My answer makes me sad today: I didn’t know it was right to ask you questions.

Little did I know that almost all my friends published authors wanted to die to help new authors like me succeed. They were just waiting to be asked.

It was a revelation.

Think about how much faster I could have learned if I had asked for the help that was available to me.

Take it with you afterwards
If you have an established friendship with other writers, be sure to ask them questions.
Experienced writers want to repay all the help they received when they were writer babies.
As long as you are respectful about it, your request for advice will make these experienced writers feel like rock stars.

Daily Help Is Also Difficult
Most people, especially Americans, are hardwired to want to do things themselves. Even as toddlers, we are independent of the mind and shout at our parents that “I can do it myself.”

Many of us don’t learn early enough that bending over doesn’t have to weaken you.

Here is the story of an experience I had with a friend who hates asking for help. In fact, hate is probably not a strong word. She hates asking for help. Viscerally despises him. She’s one of the most helpful people you’ll meet-especially for other writers-but she literally can’t ask for help.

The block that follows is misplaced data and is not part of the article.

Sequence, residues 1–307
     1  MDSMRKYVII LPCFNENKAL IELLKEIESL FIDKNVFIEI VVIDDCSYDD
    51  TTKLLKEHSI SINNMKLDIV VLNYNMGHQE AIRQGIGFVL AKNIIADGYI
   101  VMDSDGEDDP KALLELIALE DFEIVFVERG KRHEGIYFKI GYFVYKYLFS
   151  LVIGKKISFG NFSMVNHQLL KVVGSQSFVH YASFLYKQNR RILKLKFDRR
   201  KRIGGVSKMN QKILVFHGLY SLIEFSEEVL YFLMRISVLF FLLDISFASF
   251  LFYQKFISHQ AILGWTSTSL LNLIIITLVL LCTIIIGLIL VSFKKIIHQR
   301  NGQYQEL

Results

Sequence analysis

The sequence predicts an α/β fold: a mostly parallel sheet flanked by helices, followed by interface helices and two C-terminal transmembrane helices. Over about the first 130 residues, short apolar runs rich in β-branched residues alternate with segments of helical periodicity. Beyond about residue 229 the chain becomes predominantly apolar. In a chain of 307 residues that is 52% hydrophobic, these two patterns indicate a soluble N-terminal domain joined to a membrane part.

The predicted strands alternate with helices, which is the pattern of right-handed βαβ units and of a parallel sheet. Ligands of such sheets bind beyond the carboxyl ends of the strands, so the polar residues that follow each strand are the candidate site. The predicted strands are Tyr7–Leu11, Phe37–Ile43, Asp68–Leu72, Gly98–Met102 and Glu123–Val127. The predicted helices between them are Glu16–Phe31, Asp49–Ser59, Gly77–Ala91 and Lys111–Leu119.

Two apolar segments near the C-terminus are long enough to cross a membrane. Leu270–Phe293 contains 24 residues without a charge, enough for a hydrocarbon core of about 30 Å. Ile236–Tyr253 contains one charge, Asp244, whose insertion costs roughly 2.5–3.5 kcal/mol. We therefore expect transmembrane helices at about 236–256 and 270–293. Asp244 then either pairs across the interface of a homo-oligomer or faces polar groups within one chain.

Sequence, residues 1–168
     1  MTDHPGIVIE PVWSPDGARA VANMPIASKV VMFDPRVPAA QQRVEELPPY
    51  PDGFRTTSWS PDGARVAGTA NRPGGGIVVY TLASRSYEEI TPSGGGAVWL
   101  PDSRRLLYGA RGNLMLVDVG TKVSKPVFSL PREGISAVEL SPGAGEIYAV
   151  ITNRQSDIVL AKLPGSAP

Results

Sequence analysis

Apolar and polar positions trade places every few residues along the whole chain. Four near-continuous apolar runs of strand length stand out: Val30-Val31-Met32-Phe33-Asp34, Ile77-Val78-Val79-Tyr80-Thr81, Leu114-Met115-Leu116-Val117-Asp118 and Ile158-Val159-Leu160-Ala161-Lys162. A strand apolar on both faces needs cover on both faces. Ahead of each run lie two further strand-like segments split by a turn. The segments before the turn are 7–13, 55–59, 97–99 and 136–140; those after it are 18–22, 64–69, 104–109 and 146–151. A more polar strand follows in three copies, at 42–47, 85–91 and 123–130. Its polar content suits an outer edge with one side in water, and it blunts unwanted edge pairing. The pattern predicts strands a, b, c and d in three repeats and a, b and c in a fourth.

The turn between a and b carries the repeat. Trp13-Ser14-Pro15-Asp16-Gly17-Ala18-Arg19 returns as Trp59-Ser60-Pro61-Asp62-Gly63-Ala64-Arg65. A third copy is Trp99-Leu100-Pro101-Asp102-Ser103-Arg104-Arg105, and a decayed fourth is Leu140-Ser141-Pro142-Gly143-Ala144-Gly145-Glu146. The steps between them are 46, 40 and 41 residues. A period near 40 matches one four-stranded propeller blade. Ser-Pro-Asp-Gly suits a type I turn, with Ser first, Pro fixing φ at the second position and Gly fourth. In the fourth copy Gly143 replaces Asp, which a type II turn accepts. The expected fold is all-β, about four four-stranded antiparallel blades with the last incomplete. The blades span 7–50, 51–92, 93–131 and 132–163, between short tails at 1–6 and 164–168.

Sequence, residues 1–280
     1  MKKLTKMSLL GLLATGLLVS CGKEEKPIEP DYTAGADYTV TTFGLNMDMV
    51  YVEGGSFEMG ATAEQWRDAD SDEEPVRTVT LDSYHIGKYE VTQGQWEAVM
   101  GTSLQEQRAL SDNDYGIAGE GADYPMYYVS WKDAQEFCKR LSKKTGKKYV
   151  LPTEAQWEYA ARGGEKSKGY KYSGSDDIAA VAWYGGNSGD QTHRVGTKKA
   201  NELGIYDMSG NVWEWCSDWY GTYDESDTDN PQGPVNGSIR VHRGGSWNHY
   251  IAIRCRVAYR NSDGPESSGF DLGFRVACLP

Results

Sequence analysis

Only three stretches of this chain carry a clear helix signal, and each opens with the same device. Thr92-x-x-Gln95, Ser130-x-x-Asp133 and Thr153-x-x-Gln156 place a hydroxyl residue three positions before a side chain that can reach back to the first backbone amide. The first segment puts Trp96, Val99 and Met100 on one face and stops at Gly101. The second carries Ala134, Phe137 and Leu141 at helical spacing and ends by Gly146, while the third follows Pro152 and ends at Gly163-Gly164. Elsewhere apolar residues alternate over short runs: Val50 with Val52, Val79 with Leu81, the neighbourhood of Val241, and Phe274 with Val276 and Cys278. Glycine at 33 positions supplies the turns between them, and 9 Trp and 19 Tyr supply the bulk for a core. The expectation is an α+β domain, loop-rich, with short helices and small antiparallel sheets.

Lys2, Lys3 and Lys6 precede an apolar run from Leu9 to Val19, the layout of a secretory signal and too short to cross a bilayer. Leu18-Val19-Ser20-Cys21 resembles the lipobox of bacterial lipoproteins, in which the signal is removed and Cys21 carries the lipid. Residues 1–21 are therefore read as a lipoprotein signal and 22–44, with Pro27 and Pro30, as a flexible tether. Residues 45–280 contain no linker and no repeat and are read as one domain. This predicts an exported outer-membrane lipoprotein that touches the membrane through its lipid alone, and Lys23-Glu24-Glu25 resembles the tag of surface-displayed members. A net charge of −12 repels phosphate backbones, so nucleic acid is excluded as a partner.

Many years ago we were at a writing event in a local hotel, shortly after she had surgery on her foot. She went home on a scooter, but she needed a wheelchair for the event. I knew she hated that, and I also know how exhausting it is to sit down and push a non-motorized wheelchair.

I was her chauffeur to and from the hotel and I was happy to push her chair that day because it allowed me to spend more time with her.

Full Disclosure

I have the gene of help, and I am the daughter of a nurse. I literally grew up in and around hospitals watching my mother helping people. When someone needs help, especially someone I love, I automatically rush forward. I don’t even register that I do.

For someone who hates asking for help, I’m almost certain that my help gene can feel intrusive. This friend in a wheelchair was fine while we were surrounded by people and she was busy. But when we went to the parking lot, she pulled out her independence card.

Final considerations
The more I read about the psychology of help, the more I realize that one of the obstacles to asking for help is the fear of rejection. We believe that someone will say no, although it is very likely that he will say yes if the request is clear and concise.

An interesting addendum to this point is mentioned in this article by the Verge:

“Research shows that people who have rejected you in the past are actually more likely to help you than others. [Author Quote] if I reject them and they offer me another opportunity to help if I can, I jump on it. I want to feel better.”

In addition, most of us are much more likely to seek help for others than for ourselves. I know it’s me. It’s easier to ask when it is for someone else.